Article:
• Distributed program design and verification tools
  • Debugging distributed programs
  • Data replication, consistency models, and caching

Exercise

What are the main differences between a parallel system and a distributed system?

  • Parallel system is composed of multiple processors having access to shared memory, and executing simultaneously to finish some job
  • Distributed system is composed of remotely distributed processors and its own databank, and they communicated mainly in a message-passing way through data links. There is less restrictions on how they should perform a computation together.

Identify some distributed applications in the scientific and commercial application areas. For each application, determine which of the motivating factors listed in Section 1.3 are important for building the application over a distributed system.

  • Scientific: Cosmology@Home
    1. Inherently distributed
    2. Resource sharing: CPU time
  • Commercial: HDFS
    1. Access
    2. Reliability
    3. Scalability
    4. Modularity and Expandability

Draw the Omega and Butterfly networks for n = 16 inputs and outputs.

Omega 16 x 16

Butterfly 16 x 16

For the Omega and Butterfly networks shown in Figure 1.4, trace the paths from P5 to M2, and from P6 to M1.

Formulate the interconnection function for the Omega network having n inputs and outputs, only in terms of the M = n/2 switch numbers in each stage. (Hint: Follow an approach similar to the Butterfly network formulation.)

= = I think formula 1.1 in the book works.

In Figure 1.4, observe that the paths from input 000 to output 111 and from input 101 to output 110 have a common edge. Therefore, simultaneous transmission over these paths is not possible; one path blocks another. Hence, the Omega and Butterfly networks are classified as blocking interconnection networks. Let $\Pi(n)$ be any permutation on $[0...n − 1]$, mapping the input domain to the output range. A non-blocking interconnection network allows simultaneous transmission from the inputs to the outputs for any permutation. Consider the network built as follows. Take the image of a butterfly in a vertical mirror, and append this mirror image to the output of a butterfly. Hence, for n inputs and outputs, there will be $2log_2n$ stages. Prove that this network is non-blocking.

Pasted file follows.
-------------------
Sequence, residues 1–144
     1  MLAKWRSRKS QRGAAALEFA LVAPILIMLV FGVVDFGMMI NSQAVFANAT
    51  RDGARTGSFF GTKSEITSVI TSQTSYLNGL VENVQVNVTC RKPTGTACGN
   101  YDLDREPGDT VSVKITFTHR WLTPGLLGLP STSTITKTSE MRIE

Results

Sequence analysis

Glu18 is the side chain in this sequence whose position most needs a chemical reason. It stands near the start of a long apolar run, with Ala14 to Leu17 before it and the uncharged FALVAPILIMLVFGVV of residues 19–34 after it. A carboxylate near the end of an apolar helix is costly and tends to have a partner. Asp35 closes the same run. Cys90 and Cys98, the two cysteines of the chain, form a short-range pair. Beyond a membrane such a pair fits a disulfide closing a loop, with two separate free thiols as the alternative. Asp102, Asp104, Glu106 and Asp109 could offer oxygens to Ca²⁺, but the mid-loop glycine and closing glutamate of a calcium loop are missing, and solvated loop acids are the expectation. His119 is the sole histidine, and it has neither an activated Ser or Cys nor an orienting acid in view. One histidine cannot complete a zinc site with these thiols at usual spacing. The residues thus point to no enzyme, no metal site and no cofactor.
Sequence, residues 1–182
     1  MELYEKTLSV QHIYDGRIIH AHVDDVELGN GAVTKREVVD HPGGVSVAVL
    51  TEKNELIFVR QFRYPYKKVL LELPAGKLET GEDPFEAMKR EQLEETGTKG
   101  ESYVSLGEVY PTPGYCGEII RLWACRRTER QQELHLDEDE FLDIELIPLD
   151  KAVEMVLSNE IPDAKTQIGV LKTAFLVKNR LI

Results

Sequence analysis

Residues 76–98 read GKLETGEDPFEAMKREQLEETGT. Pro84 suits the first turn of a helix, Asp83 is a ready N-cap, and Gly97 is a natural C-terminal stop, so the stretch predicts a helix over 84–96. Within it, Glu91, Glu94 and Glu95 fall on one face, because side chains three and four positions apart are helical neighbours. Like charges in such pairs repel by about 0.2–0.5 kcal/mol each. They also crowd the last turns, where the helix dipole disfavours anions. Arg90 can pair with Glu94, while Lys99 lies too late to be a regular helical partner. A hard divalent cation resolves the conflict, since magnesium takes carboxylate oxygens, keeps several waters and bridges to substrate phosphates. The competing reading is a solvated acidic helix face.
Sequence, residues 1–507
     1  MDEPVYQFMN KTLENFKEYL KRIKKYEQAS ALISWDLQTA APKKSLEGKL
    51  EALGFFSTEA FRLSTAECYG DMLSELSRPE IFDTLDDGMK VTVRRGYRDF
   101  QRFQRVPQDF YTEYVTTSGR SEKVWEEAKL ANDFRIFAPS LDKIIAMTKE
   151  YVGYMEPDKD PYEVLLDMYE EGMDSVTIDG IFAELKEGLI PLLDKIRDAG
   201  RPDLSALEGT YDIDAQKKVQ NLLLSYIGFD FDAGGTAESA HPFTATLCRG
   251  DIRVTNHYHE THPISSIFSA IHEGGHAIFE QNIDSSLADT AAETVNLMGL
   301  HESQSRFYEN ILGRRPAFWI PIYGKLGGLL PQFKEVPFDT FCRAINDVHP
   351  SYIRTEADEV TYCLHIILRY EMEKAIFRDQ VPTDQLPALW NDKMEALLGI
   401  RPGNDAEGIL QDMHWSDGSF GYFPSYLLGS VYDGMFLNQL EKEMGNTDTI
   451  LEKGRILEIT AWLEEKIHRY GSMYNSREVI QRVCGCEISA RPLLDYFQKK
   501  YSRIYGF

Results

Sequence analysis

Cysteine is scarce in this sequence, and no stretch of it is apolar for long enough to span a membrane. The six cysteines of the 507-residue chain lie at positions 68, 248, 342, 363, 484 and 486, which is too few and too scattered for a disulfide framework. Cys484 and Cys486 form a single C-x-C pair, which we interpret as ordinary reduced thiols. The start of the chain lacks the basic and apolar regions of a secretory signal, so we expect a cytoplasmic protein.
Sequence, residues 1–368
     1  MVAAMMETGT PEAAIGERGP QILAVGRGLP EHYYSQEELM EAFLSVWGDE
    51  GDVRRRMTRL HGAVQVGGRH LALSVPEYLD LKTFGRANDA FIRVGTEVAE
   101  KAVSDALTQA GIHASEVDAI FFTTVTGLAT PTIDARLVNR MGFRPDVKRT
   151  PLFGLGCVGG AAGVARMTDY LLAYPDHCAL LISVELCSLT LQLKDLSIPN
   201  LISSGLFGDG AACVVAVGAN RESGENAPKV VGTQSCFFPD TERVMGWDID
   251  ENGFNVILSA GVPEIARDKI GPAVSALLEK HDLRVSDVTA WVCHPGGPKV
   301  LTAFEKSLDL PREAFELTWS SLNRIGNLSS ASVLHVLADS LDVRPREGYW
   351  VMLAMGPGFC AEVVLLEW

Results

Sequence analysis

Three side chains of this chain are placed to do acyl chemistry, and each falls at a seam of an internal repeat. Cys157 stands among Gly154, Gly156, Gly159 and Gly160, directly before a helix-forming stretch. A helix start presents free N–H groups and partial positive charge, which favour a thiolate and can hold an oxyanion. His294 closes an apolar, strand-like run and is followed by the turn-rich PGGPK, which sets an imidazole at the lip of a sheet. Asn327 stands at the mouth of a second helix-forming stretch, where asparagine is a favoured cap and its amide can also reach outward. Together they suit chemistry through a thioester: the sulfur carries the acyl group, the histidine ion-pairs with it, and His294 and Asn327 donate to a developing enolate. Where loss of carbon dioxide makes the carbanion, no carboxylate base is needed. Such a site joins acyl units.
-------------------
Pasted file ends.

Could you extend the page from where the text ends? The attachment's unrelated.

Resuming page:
We can always deploy the first line in input network, then using a horizontal in the output network, and the second line horizontal in input network, while going to destination in the output network.

It is impossible to block, since if any horizontal line is shared then either start point or destination is shared, which is impossible in the context of permutation.

The Baseline Clos network has a interconnection generation function as follows. Let there be $M = n/2$ switches per stage, and let a switch be denoted by the tuple $\langle x, s \rangle$, where $x \in [0, M −1]$ and stage $s \in[0, log_2n−1]$. There is an edge from switch $\langle x, s \rangle$ to switch $\langle y, s + 1 \rangle$ if (i) $y$ is the cyclic right-shift of the $log_2n−s$ least significant bits of $x$, (ii) $y$ is the cyclic right-shift of the $log_2n−s$ least significant bits of $x'$, where $x'$ is obtained by complementing the LSB of $x$. Draw the interconnection diagram for the Clos network having $n = 16$ inputs and outputs, i.e., having 8 switches in each of the 4 stages.